U.S Mortgage Rates – Hold Steady But Could Be in for a SlideMortgage rates held steady last week but could be in the for a slide as Trump signals fresh tariffs on Chinese goods.
Mortgage rates were flat in the week ending 1st August. 30-year fixed rates held steady at 3.75% following a 6 basis point fall in the week ending 25th July.
The flat week left 30-year rates close to the lowest level since late 2016 according to figures released by Freddie Mac.
Compared to this time last year, 30-year fixed rates were down by 85 basis points.
More significantly, 30-year fixed rates are down by 119 basis points since last November’s most recent peak of 4.94%.
Freddie Mac noted that mortgage rates have stabilized over the last 2-months, reflecting the recovery and improvement in the U.S economy. Looking ahead, the combination of low mortgage rates, tight labor market, and higher consumer confidence should support the housing market. House price sales are expected to pick up through the summer and early fall.
Economic Data from the Week
Key stats out of the U.S through the 1st half of the week were on the heavier side.
After a quiet Monday, the FED’s preferred Core PCE Price Index numbers, personal spending, and consumer confidence figures provided direction on Tuesday.
While the annual rate of inflation picked up from 1.5% to 1.6% in June, inflation continued to fall short of the FED’s 2% target. The lack of inflationary pressures supported the anticipated rate cut on Wednesday.
Consumer confidence rebounded in July, with the CB Consumer Confidence Index rising from 124.3 to 135.7. Personal spending also held steady, rising by 0.3% following a 0.4% rise in May.
On Wednesday, the ADP nonfarm employment change figure also supported yields, with 156k jobs added in July. Economists had forecasted a 150k rise following a 112k rise in June.
The FED hawkish rate cut was the main event of the week, however. Failure to signal further rate cuts down the road did little to Treasury yields mid-week.
Outside of the stats, negative sentiment towards the U.S – China trade war weighed.
Freddie Mac Rates
The weekly average rates for new mortgages as of 1st August were quoted by Freddie Mac to be:
- 30-year fixed rates remained unchanged at 3.75% in the week. Rates were down from 4.60% from a year ago. The average fee rose from 0.5 to 0.6 points.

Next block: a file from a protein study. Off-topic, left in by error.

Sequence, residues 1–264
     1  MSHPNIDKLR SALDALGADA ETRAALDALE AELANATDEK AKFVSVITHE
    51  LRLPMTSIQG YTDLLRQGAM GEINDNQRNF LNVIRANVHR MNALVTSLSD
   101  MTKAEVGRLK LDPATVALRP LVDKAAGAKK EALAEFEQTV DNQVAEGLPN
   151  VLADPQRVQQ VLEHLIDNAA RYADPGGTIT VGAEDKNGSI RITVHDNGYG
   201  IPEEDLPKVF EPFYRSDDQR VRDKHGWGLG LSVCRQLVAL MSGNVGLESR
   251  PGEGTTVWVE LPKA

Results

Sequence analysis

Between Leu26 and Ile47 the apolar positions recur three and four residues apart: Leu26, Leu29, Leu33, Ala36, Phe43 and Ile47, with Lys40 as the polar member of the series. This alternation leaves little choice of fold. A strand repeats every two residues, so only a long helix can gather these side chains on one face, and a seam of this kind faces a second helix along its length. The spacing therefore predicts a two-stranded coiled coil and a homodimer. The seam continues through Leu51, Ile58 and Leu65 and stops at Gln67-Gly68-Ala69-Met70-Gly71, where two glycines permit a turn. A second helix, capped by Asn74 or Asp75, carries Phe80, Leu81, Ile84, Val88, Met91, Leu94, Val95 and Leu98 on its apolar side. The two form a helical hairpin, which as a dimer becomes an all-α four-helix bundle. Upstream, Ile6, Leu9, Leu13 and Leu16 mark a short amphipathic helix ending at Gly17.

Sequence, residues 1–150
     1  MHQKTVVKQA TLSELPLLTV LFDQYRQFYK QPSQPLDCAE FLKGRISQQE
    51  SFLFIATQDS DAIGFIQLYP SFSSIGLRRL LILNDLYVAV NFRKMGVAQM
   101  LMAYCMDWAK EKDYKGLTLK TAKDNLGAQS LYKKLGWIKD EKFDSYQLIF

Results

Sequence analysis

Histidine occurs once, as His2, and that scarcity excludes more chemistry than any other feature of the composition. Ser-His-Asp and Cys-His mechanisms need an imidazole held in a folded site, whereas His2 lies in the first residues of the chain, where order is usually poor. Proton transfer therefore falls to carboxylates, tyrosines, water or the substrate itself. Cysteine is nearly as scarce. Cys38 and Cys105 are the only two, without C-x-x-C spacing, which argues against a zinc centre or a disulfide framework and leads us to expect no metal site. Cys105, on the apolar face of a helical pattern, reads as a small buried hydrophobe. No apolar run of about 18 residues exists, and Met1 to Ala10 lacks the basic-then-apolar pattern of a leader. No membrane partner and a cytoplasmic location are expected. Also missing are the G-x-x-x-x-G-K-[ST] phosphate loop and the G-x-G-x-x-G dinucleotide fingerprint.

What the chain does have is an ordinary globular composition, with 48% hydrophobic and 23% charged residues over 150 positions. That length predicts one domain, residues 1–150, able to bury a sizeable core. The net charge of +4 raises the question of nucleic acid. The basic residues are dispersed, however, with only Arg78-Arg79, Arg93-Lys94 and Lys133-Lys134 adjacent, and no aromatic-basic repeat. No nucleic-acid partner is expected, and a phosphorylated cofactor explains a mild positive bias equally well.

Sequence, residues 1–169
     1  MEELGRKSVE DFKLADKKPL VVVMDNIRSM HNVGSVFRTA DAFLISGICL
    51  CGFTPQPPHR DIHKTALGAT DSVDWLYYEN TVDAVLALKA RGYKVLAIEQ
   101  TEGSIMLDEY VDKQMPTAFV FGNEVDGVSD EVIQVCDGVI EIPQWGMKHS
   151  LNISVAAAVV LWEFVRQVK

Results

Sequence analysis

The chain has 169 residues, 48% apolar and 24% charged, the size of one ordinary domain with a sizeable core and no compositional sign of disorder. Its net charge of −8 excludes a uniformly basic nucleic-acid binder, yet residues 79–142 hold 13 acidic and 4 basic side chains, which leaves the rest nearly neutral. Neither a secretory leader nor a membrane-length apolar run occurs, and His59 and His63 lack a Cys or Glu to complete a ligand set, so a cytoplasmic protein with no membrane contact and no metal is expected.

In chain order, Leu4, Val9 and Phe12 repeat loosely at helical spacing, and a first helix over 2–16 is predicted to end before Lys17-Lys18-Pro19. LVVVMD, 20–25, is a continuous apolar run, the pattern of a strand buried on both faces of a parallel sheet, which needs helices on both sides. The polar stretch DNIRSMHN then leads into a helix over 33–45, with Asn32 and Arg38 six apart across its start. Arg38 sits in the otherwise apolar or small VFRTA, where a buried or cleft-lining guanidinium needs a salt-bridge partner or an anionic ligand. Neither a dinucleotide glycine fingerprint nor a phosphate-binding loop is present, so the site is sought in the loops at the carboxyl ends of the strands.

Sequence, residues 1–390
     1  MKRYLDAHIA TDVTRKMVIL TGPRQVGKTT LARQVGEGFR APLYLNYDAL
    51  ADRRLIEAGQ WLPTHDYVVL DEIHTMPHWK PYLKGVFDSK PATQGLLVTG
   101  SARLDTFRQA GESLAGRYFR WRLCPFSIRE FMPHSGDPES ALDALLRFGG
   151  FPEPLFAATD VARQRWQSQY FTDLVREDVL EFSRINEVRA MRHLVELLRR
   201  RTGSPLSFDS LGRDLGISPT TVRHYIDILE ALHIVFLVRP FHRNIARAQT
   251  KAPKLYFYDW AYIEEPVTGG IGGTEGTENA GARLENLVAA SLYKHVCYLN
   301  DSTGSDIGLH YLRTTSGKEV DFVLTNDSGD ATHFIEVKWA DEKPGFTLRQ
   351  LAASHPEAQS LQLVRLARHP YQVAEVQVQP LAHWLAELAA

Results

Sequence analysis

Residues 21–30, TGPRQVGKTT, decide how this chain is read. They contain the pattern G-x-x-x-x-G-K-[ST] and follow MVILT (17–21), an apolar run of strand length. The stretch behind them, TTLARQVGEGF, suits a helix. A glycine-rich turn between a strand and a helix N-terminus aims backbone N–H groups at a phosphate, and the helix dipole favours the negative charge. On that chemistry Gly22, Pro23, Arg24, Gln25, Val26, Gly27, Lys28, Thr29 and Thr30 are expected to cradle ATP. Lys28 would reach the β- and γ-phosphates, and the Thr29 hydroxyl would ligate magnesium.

- 15-year fixed rates increased by 2 basis points to 3.20% in the week. Rates were down from 4.08% from a year ago. The average fee held steady at 0.5 points.
- 5-year fixed rates slipped by 1 basis point to 3.46% in the week. Rates were down by 47 basis points from last year’s 3.93%. The average fee held steady at 0.4 points.
Mortgage Bankers’ Association Rates
For the week ending 26th July, rates were quoted to be:
- Average interest rates for 30-year fixed, backed by the FHA, decreased from 3.98% to 3.94%, the lowest level since Sep-17. Points decreased from 0.31 to 0.29 (incl. origination fee) for 80% LTV loans.
- Average interest rates for 30-year fixed with conforming loan balances remained unchanged at 4.08%. Points increased from 0.33 to 0.34 (incl. origination fee) for 80% LTV loans.
- Average 30-year rates for jumbo loan balances also remained unchanged at 4.04%. Points decreased from 0.25 to 0.22 (incl. origination fee) for 80% LTV loans.
Weekly figures released by the Mortgage Bankers Association showed that the Market Composite Index, which is a measure of mortgage loan application volume, decreased by 2% in the week ending 26th July. The fall followed on from a 1.9% decline in the week ending 19th July.
The Refinance Index increased by 0.1% in the week ending 26th July. The Index had decreased by 2% in the week ending 19th July.
The share of refinance mortgage activity increased from 49.8% to 50.5%, reversing a fall from 50.0% to 49.8% in the week prior.
According to the MBA, mortgage applications were down last week as a result of a 3% fall in purchase applications. In spite of the pullback, purchase activity was up by 6% year-on-year. The Mortgage Applications Index fell for a 3rd consecutive week to reach its lowest level since March, however.
In spite of strong demand, a lack of supply continued to restrict buying activity.
For the week ahead
It’s a relatively quiet first half of the week ahead.
Key stats due out of the U.S include July service sector PMIs due out on Monday and June JOLTs job opening numbers due out on Tuesday.
Outside of the numbers
While we can expect the market’s preferred ISM non-manufacturing PMI to impact yields, market reaction to Trump’s latest tariff threat will likely continue to dictate risk sentiment.
The U.S President would need to change his stance on tariffs or China would need to agree to get the ball rolling to prevent a further pullback in Treasury yields and ultimately mortgage rates…
On the monetary policy front, FOMC member chatter will also have an impact.